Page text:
The article on the back page of the March 2011 issue of Shambala Sun magazine highlights the following poem, written by Naomi Shihab Nye:
The Art of Disappearing
When they say Don’t I know you?
When they invite you to the party
remember what parties are like
Someone telling you in a loud voice
they once wrote a poem.
Greasy sausage balls on a paper plate.
If they say We should get together
It’s not that you don’t love them anymore.
You’re trying to remember something
too important to forget.
Trees.Â The monastery bell at twilight.
Tell them you have a new project.
It will never be finished.
When someone recognizes you in a grocery store
nod briefly and become a cabbage.
When someone you haven’t seen in ten years
appears at the door,
don’t start singing him all your new songs.
You will never catch up.
Walk around feeling like a leaf.
Know you could tumble at any second.
Then decide what to do with your time.
The entire poem deserves its share of consideration, but it was the first sentence that caught my attention.Â My mind tends to ping-pong from one related idea to the next (it might be a cascade failure), and that sentence reminded me of an interview I had heard recently with Thomas Hubl.Â Essentially what he said was: when I see if you, if I think I know you then I begin automatically to build a box around who I think you are and forego the idea that you may have changed since last we met.Â It’s an easy trap to fall into…
That got me thinking about Tom Brown Jr, who runs the Tom Brown Tracking, Nature Awareness and Wilderness Survival School, and what he calls, “The Same Old Thing”.Â According to Tom you can always tell the tourists in any city because they’re seeing everything for the first time.Â The heads of tourists are perpetually on a swivel as they’re looking around and around, trying to take it all in.Â However, the brain likes to organize things so within a day or so even the tourists begin to feel they’ve seen it all and go back to staring at their feet as they walk.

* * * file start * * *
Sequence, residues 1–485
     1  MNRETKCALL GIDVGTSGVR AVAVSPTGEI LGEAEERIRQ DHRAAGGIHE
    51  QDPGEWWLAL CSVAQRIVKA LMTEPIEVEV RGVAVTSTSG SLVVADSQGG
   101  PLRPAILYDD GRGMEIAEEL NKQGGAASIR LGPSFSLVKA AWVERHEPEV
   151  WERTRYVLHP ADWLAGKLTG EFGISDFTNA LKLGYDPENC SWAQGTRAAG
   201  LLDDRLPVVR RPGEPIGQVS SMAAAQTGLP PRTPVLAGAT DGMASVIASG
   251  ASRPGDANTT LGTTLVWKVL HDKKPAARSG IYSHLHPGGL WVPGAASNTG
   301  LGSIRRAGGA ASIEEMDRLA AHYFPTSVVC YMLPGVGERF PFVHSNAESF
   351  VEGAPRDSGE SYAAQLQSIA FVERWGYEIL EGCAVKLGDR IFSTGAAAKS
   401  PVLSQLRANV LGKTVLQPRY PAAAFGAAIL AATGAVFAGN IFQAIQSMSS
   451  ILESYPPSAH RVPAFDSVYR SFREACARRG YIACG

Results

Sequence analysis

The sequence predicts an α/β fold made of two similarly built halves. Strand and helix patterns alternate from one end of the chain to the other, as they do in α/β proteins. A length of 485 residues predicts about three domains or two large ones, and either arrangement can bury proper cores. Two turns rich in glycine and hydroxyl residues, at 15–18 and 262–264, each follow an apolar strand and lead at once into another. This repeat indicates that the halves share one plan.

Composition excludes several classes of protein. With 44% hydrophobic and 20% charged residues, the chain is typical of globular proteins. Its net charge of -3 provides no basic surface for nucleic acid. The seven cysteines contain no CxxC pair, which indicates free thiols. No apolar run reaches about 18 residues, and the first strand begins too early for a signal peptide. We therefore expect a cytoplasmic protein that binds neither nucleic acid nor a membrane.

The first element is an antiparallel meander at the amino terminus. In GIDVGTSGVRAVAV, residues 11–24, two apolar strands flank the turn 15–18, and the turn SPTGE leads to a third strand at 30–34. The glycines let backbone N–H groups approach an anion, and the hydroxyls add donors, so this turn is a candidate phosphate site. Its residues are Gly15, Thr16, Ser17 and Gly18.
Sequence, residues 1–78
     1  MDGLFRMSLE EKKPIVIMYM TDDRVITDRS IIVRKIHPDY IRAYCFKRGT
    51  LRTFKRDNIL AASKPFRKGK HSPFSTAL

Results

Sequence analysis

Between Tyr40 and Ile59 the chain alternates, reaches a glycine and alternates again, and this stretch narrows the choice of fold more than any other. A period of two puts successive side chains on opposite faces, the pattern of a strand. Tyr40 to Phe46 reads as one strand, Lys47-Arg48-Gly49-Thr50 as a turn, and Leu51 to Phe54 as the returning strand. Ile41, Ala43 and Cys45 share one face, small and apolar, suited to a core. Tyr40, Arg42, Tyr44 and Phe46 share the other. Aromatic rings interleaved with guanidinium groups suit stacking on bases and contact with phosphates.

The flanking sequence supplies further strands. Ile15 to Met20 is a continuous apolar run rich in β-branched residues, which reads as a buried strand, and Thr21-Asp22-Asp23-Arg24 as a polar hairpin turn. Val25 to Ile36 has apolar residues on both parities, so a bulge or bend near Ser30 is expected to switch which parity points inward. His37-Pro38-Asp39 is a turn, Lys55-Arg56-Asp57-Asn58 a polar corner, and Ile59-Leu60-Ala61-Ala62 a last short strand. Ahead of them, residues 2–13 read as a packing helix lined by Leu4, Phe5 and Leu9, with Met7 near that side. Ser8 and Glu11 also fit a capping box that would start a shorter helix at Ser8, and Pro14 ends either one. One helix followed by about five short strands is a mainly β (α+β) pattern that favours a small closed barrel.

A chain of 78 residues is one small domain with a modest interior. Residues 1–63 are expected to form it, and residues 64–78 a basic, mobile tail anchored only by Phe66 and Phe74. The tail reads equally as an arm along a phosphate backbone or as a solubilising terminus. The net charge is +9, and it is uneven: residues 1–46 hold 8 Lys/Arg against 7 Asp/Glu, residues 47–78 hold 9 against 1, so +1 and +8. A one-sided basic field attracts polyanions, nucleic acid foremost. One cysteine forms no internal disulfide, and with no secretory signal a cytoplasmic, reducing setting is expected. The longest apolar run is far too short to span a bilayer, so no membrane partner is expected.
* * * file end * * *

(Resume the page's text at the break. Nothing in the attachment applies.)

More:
Tom also talks about a mythical ‘Johnny’ – a young boy who (like all small boys) loves to jump in mud puddles.Â Now, if you were to stop Johnny just before he was about to jump into a puddle and ask him, “Why are you jumping into that puddle?Â You jumped in that puddle yesterday…” Johnny would look at you like you were nuts!Â Maybe deservedly so, because it’s not the same mud puddle at all.Â Today it’s a completely different mud puddle.Â Maybe it’s rained or may it’s dried up a bit, maybe that new kid down the street has ridden his bike through it or… any one of a bazillion things.Â Just take it on faith that it’s not the same mud puddle.
Marcia and I have been a couple now for 16 years, 5 months and 17 days (but who’s counting?)Â In that time so much has changed in our lives that it’s fair to say we’re completely different people than we were when we first met.Â One of the things that’s so magical about ‘Us’ is that the ‘We’ part has grown and shifted and changed as much as we have individually.Â We celebrate who we have become, but more so we celebrate who we Are.Â We don’t take anything for granted, not one precious moment of our time together.Â And neither should you!!
So, whether you always take the same walk to the store or you drive the same way to work, or the next time you see your spouse or your oldest and most trusted friend, look at them all as if you had never seen them before.Â Let your mind be open to wonder.Â And if you come across a mud puddle, well, you know what to do…